WSJT-X relies on timing. The RPi gets the time from the internet, as most things do. We have limited Wi-Fi, meaning no way to get the time. My solution was a GPS dongle. I did what most recommend and purchased a GPS dongle from Amazon. Yes, that GPS dongle. The wide white one made by *insert Chinese company here.* It worked okay at my house. It didn’t work in Michigan. I figured that it need to run for a bit. I left it on all day. I thought maybe it was because I was in a tent. I sat outside with it all day. Nothing. Not a single satellite. The other person with me had the same setup. He had the same experience. To set the time, I had to go into the terminal and set it manually based off my watch. I used a G-Shock that set the time using radio at night. This worked but wasn’t ideal. I was able to make contacts.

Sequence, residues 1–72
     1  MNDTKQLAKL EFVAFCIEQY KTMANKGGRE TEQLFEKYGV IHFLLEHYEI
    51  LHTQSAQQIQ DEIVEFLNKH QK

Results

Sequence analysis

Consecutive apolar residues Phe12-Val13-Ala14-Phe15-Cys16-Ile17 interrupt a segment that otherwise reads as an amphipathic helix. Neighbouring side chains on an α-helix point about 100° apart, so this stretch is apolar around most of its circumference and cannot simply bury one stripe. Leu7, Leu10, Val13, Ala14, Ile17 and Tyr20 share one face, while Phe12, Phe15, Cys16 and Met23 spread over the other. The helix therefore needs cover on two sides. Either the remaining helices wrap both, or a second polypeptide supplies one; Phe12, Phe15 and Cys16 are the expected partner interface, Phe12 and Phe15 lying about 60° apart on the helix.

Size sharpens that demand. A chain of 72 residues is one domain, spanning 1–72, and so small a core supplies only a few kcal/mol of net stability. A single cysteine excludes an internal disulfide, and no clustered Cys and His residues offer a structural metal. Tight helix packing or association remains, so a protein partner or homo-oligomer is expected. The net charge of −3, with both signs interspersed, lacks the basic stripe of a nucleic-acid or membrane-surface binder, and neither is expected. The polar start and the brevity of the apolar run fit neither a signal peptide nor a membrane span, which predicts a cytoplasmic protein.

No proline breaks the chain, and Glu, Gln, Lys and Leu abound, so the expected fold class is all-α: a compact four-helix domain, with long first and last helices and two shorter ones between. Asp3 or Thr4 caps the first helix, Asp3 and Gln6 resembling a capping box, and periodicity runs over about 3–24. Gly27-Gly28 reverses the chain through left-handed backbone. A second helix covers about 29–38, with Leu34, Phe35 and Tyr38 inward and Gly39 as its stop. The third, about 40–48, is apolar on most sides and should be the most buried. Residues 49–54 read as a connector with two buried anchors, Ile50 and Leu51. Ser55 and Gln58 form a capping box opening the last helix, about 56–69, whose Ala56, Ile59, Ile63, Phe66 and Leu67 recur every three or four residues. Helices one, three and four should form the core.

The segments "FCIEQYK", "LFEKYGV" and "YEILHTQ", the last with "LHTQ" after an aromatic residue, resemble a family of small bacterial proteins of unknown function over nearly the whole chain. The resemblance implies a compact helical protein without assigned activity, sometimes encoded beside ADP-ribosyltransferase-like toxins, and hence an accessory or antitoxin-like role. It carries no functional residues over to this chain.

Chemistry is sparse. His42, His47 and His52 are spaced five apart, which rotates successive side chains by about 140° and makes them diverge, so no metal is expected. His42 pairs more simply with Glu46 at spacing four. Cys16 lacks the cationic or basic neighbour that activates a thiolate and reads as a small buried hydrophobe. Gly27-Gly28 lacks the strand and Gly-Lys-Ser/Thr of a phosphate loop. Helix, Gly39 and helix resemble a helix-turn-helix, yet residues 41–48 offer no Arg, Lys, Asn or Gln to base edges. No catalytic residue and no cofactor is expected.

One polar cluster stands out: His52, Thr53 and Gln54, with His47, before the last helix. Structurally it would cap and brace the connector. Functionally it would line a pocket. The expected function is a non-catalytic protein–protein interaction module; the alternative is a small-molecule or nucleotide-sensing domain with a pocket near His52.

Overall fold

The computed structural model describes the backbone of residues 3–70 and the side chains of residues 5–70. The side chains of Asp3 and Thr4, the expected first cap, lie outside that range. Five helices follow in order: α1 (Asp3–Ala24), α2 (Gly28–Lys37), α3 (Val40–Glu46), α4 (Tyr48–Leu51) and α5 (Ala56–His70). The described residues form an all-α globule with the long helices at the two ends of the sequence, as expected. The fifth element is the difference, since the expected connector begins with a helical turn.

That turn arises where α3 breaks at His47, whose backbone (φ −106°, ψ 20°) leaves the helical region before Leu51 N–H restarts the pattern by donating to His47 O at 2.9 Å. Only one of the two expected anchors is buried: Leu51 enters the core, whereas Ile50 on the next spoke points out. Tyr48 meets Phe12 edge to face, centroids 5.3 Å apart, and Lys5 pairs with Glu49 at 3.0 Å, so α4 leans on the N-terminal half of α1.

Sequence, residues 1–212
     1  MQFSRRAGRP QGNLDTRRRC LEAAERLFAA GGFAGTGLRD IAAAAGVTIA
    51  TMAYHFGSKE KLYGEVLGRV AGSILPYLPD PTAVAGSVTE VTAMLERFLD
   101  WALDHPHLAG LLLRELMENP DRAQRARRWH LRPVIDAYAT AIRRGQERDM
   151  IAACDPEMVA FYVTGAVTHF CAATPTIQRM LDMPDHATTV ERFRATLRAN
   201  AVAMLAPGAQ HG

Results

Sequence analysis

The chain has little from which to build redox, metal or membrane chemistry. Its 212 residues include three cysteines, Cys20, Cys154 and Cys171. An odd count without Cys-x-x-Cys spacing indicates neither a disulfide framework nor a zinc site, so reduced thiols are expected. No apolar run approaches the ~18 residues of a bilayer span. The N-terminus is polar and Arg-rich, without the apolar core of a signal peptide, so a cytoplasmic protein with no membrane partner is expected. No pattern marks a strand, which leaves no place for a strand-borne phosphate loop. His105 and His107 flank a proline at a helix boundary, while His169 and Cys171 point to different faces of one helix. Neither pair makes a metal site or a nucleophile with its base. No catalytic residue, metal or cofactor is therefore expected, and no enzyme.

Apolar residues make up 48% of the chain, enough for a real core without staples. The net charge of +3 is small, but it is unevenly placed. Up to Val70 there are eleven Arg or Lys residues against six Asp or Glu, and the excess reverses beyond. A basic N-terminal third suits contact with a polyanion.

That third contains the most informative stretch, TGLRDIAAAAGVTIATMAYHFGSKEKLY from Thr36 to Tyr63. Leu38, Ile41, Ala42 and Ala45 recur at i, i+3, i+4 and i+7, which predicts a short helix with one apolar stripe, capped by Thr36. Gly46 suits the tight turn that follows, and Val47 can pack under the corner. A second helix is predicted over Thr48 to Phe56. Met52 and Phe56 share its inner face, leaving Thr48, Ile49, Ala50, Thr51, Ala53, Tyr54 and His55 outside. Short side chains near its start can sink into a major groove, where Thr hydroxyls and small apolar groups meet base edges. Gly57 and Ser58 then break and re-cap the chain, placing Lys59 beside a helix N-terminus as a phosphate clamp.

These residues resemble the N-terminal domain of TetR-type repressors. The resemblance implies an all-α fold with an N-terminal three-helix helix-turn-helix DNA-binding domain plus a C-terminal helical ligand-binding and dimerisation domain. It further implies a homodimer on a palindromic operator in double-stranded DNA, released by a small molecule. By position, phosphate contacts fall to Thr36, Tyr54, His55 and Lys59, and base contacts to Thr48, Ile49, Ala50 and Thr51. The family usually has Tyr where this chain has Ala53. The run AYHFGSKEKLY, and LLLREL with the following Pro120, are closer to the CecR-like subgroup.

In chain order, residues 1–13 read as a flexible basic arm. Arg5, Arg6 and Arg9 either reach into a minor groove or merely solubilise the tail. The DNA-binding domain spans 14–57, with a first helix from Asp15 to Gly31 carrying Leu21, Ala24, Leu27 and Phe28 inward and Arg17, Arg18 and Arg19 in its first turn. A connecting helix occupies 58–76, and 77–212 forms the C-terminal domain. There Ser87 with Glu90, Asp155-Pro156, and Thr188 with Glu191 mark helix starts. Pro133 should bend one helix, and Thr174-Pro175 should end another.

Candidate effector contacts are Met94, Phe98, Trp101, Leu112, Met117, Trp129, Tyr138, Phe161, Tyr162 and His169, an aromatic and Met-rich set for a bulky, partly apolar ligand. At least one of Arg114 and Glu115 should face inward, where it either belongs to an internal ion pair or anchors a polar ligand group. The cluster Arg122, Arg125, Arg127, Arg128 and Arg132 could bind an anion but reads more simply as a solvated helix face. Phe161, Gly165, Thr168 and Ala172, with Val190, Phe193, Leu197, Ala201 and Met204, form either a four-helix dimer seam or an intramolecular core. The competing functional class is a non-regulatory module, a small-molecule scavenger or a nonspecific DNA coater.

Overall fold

Voice

There were a lot of people on since it was the weekend of the IARU HF World Championship. The UP is pretty isolated. As a result, the noise floor was low. This drives home another point. Just because you can hear them, doesn’t mean they can hear you. I tried contacting people that had no pile-up with no results. I did make a few contacts. Voice was pretty hard. The best part was hearing everything that happens on HF. I live in the city, meaning my noise floor is pretty high. I could hear DX nets. I could hear DX stations. It was awesome. I couldn’t contact any due to power and antenna limitations.